The concept of only bringing your carefully curated ‘business self’, complete with suit and smile - no matter what may be going on in your personal life - is, frankly, outdated. More and more organisations are instead embracing the idea that employees are (brace yourselves) - people. Blair Melsom AMBCS looks at why employees should bring their ‘whole self’ to work.

Remaining in constant ‘corporate mode’ is detrimental to mental health as it’s both unnatural and unsustainable, so encouraging people to bring their ‘whole self’ to work creates a culture where problems as well as successes can be shared, leading to a happier and more engaged workforce in the long term.

Bringing your whole self to work doesn’t mean you’ll suddenly share all your deepest thoughts with your finance manager at the photocopier, but it does mean you can be your authentic self so people know who you are and what you’re about.

We all have ‘off’ days; we all experience a range of emotions, varied levels of stress and seemingly never enough sleep, yet we know that being productive at work and projecting a certain façade is often what’s expected. It can make you dread the thought of another day in the office, but knowing that it’s ok not to be ok can take some of the pressure off.

BCS is an organisation that has embraced the ‘whole self’ concept; in fact, Being Human is one of its core values. Here are just some of the things it does to make things better for staff at work:

  • A health and wellbeing hub which host a wealth of information.
  • Yoga, pilates, body balance, mindfulness and acupressure on site.
  • Raising mental health awareness across the organisation, including using the NHS Thrive app.
  • Training line managers in mental health and techniques to help staff when they experience poor mental health.
  • 17 dedicated mental health first aiders (working towards at least 10% of the workforce trained up across the business with a mixture of age, gender, job role and department).
  • Plans for a health and wellbeing strategy, to build an environment in which people can thrive at work.

The mental health first aiders (MHFA) are an integral part of the business. Louise Nuttall, Head of HR at BCS says ‘It’s creating a community whereby people can go to someone to share confidentially how they are feeling and get support from them. When we conducted a survey last year, most people said they felt more comfortable sharing how they feel with a close friend or family member, but some said they would prefer to go to a MHFA for support. We also encourage and support employees to share how they’re feeling with line managers, to ensure that work is a safe environment for people to be at their best, whilst making allowances when times are tough.’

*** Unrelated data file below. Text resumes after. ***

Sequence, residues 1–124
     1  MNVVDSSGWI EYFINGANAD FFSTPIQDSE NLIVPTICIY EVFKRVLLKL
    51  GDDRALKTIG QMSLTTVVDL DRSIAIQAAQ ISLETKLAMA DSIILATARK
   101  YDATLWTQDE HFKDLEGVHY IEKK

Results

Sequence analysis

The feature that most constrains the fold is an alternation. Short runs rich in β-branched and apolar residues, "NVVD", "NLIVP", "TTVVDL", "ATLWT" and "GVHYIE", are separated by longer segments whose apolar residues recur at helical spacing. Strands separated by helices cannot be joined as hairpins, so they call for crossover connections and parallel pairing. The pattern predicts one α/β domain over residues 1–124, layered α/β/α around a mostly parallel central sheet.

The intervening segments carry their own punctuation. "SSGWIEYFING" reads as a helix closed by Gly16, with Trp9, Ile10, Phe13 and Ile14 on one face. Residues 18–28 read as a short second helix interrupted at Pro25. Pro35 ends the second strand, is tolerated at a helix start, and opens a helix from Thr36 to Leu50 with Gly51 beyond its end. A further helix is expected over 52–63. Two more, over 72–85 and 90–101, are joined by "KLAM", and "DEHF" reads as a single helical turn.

‘People shouldn’t suffer in silence,’ she adds, ‘and as an organisation, we can do something to create an internal network of people to help, challenge assumptions and remove stigmas. As a person who has experienced depression, anxiety and bereavement over my lifetime, knowing I can do something to help others who are not in a good place is extremely important to me. Even more so when they have sought support and they are now in a much better place; knowing I helped contribute to this makes me feel incredibly proud.’

Things could not be more different from the days when people would be expected to leave all aspects of their personal lives at home. Now, as well as being able to share how they feel, employees can use the workplace to find out about the myriad services available to help with their wellbeing, as well as methods of managing the ever-elusive work / life balance.

Luke Kuczynski, Digital Marketing Executive and trained MHFA explains ‘I feel comfortable suggesting the appropriate actions to take, you can never force someone to take a particular action but it’s so important to give them options of where they can get help or what they can do.’ As for the benefits being a mental health first aider bring, he says, ‘I believe that any organisation across all sectors can benefit from MHFA England training and it should be an integral part of their duty to help support employees. To me, the reward of being a mental health first aider is that my colleagues know that I am trained to deal with questions around mental health. To be able to spot signs of stresses and strains and help colleagues work on preventative steps to declining mental health is one of the most rewarding things I do at BCS.’

The more openly mental health is discussed both in and out of work, the faster the associated stigma will fade. As Scott McGunigle, Customer Service Manager and MHFA at BCS explains, ‘There’s this idea that only weak or fragile people are susceptible to poor mental health - it’s absolutely not true - everyone, once pushed to their limit of stress, strain and mental capacity, faces the risk of experiencing the effects of mental health related conditions. Everyone has a breaking point and [MHFAs are] needed to help each and every one of us identify our capacity and set in place a positive structure for how we live and work (and combine the two) in order to manage our lifestyle and work styles effectively.’

The pressure to keep everything in and present only a perfect, productive facsimile of ourselves is going out of style as quickly in the workplace as it is on social media. Unrealistic expectations are being called out and replaced by a shift towards balance and authenticity. Mood and morale are intrinsically linked to productivity, so being able to bring your whole self to work and having the appropriate support available when needed is key.

Related links

To find out more about the mental health first aid services available to organisations, visit MHFA England.